And home, for a lot of photography, a worryingly late lunch, now I look at the time, and then into work for a few hours to read grants, it being that sort of time.

I should let you know that things have actually got busier at work (and there have been some less-than-fun developments both there and outside work, just to make life more interesting), and I’m using a lot of my spare mental energy right now on trying to compose essays and letters to politicians about the refugee situation, because I’m finding our policies and their results deeply upsetting.  So I’m afraid this blog will probably continue to be fairly quiet for a bit.  My political blog, however, is likely to see a certain amount of action, just because I can’t stop thinking about this stuff, and I think best out loud.


Hopefully, things will settle down soon – it’s been a truly horrid month – and I can return you to your scheduled program of cakes, cakes and more cakes…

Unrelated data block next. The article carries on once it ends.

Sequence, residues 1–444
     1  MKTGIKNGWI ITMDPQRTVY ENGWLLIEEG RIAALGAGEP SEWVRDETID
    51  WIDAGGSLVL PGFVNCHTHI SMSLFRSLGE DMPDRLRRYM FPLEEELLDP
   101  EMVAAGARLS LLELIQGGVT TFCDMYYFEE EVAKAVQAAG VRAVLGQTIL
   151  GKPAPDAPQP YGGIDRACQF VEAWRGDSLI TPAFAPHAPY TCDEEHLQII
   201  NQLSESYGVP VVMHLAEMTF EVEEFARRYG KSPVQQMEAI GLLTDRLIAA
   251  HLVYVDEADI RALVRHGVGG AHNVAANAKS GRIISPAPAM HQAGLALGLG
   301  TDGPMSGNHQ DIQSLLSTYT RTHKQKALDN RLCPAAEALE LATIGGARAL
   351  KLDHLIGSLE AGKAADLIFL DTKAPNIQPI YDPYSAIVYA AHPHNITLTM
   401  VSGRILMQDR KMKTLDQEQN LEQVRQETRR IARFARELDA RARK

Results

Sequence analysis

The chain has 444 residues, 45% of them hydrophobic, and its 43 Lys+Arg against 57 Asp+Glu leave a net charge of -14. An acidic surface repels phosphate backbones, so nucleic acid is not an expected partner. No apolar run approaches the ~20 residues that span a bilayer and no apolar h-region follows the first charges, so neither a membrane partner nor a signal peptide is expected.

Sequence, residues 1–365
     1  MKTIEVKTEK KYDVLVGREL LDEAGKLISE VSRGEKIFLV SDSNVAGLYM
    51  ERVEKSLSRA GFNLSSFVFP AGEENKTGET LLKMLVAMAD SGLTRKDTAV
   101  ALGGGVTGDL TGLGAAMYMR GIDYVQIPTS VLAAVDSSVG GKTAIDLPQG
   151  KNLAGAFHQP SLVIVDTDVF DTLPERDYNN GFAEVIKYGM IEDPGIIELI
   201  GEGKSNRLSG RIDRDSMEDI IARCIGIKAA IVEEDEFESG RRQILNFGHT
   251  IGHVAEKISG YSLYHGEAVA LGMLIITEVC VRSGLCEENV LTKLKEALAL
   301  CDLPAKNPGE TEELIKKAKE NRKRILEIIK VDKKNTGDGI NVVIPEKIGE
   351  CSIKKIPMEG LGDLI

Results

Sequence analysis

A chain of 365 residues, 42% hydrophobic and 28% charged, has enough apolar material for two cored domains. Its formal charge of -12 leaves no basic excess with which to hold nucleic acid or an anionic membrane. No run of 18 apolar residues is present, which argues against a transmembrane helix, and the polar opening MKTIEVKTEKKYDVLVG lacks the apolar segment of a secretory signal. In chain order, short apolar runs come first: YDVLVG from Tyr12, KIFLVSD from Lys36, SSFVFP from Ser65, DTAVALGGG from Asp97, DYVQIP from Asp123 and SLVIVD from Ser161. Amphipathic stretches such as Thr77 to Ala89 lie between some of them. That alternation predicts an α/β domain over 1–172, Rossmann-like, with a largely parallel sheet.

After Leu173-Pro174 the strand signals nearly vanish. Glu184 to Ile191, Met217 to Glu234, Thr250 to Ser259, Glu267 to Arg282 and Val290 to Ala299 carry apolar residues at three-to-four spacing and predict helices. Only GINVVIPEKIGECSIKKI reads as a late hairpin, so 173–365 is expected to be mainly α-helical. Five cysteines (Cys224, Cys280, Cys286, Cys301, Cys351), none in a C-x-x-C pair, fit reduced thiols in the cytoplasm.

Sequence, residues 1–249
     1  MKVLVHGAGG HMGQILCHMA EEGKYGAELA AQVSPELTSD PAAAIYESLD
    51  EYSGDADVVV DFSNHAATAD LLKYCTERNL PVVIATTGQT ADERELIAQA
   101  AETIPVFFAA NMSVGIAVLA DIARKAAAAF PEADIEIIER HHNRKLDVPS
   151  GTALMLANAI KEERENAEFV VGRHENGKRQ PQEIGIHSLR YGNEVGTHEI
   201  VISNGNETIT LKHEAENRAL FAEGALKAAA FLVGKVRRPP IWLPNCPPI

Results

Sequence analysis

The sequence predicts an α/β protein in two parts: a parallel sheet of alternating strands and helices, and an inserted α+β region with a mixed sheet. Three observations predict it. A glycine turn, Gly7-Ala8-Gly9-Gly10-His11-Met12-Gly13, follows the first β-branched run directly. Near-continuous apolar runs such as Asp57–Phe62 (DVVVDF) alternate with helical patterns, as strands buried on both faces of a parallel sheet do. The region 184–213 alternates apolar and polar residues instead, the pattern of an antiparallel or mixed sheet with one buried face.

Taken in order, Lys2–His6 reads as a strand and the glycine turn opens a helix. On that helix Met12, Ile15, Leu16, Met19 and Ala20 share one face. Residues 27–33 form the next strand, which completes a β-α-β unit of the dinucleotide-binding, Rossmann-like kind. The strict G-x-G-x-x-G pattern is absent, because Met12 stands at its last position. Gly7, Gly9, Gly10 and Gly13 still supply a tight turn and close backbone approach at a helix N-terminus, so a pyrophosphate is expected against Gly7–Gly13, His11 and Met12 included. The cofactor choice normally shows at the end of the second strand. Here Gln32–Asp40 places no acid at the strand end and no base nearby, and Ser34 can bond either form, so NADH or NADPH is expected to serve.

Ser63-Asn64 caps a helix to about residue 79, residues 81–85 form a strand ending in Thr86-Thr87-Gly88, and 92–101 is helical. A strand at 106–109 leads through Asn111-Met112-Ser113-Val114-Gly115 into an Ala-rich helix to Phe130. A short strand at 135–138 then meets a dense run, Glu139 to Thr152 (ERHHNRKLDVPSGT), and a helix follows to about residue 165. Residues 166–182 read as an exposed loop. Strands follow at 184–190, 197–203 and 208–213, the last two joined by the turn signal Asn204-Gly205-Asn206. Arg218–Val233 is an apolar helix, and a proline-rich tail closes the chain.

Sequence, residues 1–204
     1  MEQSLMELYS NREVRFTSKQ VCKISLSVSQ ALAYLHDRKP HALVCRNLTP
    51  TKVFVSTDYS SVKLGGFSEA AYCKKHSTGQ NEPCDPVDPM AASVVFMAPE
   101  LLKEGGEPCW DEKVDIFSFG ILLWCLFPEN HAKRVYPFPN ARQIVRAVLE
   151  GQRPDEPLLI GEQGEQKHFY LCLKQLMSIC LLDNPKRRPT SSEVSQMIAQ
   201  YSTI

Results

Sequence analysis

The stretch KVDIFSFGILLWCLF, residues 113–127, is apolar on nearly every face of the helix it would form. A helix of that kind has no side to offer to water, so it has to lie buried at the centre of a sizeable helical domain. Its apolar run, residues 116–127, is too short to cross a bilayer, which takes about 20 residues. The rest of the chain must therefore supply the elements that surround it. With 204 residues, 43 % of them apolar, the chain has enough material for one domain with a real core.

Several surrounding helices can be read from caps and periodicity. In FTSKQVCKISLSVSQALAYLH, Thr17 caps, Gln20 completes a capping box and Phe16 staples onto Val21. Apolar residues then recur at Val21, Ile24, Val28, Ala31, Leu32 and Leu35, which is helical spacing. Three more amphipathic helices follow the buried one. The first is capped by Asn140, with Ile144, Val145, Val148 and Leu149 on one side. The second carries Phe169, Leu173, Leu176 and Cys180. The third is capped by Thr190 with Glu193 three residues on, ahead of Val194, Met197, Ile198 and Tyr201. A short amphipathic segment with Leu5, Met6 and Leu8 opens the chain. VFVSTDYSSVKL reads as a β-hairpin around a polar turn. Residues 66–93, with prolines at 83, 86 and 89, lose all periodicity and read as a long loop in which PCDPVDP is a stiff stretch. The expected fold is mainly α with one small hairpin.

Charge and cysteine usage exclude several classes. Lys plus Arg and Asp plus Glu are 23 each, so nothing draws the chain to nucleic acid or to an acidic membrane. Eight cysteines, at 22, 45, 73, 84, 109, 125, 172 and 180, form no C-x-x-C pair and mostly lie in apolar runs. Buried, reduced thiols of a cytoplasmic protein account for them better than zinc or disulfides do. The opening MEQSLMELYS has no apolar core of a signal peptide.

One year ago: Review: High Tea at The Langham Hotel

Two years ago: Provençal Vegetable Soup with Pistou

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4 comments for “Slow Food Market, with the season turning

  1. February 22, 2014 at 7:58 pm

    Hi Cate, I am a huge fan of your market post and I would to shop more at farmers market though I am worried about the cost. Currently I shop at Victoria Market for my veggies, fruits, chicken, eggs and fish. I was wondering how much do you spend on your market trips? Thanks!

    • Catherine
      February 22, 2014 at 8:12 pm

      Hi Felicia,